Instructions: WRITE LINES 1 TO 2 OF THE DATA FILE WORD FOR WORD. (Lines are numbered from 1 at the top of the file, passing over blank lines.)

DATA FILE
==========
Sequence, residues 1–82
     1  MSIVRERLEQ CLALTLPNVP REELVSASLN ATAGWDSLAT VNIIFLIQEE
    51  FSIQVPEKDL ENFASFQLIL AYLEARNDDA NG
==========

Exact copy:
Sequence, residues 1–82
     1  MSIVRERLEQ CLALTLPNVP REELVSASLN ATAGWDSLAT VNIIFLIQEE